NARROWNESS. OUR CIVIC IDEAL. — u — 'The Mirror' desire-»4o recommend a new crest for the City of Perth, to vrit, an effigy of the aperture whereby one inserts a coin into a weighing ma chine. Should this strike our worthy fj-mrtti]lnT~c nc +i\n nig in A i^ocifm +tiA slot might be ornamented with Sagital ends, after the fashion of the inverted broad arrows that grace the facade of the Town Hall tower. A)ur municipal authorities have ele vated narrowness to the dignity of a civic ideal. Perth is probably the only modern city in the white world that carries on its main business in an alley way. It is probably the only city of its size that crosses a magnificent river by means of a wretched^ worm-eaten causeway. And it is doubtful whether any other city on the map (and likely to stay pn it) would, at this hour of the day, consent to the building of 'houses' on 30ft. frontages. Councillor Mitchell made himself conspicuous the other day by first ob jecting to a proposal of that nature, an...
Mimes, Mummers & Melody-Makers [Newspaper Article] — The Sunday Mirror — 8 August 1920
Mimes, Mummers & Mdody-Makers Seen to advantage with Lawson's clever company at the Melrose last week, Frank Shephard, erstwhile of Ron Shafto's dramatic players. Frank has been in town for some time; he fits his part welL It was Rita Starr's birthday the other week, and nobody noticed it. At the Vogues and Vanities this week, La Belle Napoli, the minia ture opera. The story is good, the acting splendid. Charlie Zoli makes a most remarkable '.Count.' There are five of the original members of Sidney James' Pierrot Pie in Perth at present. Ina Bis sett, G. W. Desmond, Cyril North cote, and Lou Mitchell at the Shaf tesbury, and W. J. Saunders at the Melrose. Saunders, by the way, is resting with a sore thumb until the storm clouds roll by. There never was a company like Lawson's; nor a story so fitted to his wonderful talent as the 'Mon- key's Paw.' The story is by W. W. Jacobs, and is as old as the hills; but never has it been presented with such dramatic vividness, never has ...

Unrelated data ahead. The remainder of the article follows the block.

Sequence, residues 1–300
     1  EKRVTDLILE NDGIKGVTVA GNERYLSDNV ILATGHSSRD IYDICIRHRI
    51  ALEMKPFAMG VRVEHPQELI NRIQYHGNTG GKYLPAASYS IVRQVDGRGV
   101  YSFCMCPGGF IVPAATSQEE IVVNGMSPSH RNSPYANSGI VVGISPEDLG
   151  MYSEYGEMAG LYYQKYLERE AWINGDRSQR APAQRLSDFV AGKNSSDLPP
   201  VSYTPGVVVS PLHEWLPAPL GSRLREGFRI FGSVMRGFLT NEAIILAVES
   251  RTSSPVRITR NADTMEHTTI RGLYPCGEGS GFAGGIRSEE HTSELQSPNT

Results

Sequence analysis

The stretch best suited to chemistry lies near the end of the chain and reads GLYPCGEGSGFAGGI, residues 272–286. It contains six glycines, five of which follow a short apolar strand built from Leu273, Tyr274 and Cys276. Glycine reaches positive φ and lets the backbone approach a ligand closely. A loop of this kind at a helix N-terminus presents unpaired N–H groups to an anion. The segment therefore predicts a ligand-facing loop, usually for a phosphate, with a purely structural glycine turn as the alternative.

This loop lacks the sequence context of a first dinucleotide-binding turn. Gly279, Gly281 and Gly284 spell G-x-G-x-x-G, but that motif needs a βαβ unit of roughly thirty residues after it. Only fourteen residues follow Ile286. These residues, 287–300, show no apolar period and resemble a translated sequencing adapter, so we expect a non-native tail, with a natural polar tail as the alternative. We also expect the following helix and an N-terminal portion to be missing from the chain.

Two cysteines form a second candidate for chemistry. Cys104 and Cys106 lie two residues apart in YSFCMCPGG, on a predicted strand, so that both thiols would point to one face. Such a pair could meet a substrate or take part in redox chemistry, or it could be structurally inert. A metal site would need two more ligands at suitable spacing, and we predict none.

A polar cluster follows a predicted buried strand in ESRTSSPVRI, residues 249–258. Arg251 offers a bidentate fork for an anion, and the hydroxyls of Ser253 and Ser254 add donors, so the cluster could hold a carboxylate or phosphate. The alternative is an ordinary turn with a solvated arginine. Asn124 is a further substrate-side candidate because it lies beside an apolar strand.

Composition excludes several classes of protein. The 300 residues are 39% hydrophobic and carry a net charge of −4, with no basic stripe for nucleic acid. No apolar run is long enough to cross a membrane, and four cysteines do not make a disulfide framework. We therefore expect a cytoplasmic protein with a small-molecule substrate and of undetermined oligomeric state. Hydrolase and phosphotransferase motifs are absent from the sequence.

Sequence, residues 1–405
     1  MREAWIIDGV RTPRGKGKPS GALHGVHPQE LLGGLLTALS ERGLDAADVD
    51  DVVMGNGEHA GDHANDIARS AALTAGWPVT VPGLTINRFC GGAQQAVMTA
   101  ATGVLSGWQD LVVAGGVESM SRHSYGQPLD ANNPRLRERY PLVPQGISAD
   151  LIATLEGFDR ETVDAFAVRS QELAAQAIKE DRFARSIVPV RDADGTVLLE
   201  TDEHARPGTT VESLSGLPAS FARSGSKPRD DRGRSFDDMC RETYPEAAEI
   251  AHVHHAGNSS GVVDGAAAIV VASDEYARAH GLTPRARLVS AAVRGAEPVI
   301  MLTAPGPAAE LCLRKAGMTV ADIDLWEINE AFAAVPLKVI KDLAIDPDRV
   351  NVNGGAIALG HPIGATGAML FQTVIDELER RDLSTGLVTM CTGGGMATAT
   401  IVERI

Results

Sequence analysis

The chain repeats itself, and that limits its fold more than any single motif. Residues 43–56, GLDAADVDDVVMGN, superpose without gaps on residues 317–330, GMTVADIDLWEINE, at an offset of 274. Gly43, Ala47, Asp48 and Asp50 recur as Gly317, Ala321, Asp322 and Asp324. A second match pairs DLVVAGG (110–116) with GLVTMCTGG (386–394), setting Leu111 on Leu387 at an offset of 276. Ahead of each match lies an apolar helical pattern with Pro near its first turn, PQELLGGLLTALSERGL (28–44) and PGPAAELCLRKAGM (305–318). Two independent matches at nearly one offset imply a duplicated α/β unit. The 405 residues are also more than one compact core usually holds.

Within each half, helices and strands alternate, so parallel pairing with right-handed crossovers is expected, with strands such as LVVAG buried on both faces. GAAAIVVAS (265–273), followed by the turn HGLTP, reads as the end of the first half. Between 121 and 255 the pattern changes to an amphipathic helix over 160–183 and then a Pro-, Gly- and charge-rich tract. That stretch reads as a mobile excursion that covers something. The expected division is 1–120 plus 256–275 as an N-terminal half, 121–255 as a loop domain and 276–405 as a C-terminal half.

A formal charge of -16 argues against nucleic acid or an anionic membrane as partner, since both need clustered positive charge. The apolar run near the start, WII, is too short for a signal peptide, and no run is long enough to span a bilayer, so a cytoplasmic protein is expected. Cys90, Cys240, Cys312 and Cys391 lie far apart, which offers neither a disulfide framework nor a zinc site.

Boxing THE COMING OF EUROPEAN CHAMPIONS. [Newspaper Article] — The Sunday Mirror — 8 August 1920